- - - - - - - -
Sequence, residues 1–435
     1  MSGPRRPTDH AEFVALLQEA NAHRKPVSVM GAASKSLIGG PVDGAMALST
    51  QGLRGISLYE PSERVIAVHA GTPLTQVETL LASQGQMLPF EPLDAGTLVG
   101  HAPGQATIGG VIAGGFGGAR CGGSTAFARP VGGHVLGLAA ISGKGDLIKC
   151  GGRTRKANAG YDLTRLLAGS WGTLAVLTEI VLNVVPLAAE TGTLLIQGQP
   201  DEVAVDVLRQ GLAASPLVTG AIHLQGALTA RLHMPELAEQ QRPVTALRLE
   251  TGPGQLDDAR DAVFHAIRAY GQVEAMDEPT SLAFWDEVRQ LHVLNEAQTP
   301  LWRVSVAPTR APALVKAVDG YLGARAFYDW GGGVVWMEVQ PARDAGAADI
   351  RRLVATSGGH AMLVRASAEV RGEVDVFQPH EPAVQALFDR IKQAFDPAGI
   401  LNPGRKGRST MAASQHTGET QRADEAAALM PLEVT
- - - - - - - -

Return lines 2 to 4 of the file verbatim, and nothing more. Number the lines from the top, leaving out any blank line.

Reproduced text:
     1  MSGPRRPTDH AEFVALLQEA NAHRKPVSVM GAASKSLIGG PVDGAMALST
    51  QGLRGISLYE PSERVIAVHA GTPLTQVETL LASQGQMLPF EPLDAGTLVG
   101  HAPGQATIGG VIAGGFGGAR CGGSTAFARP VGGHVLGLAA ISGKGDLIKC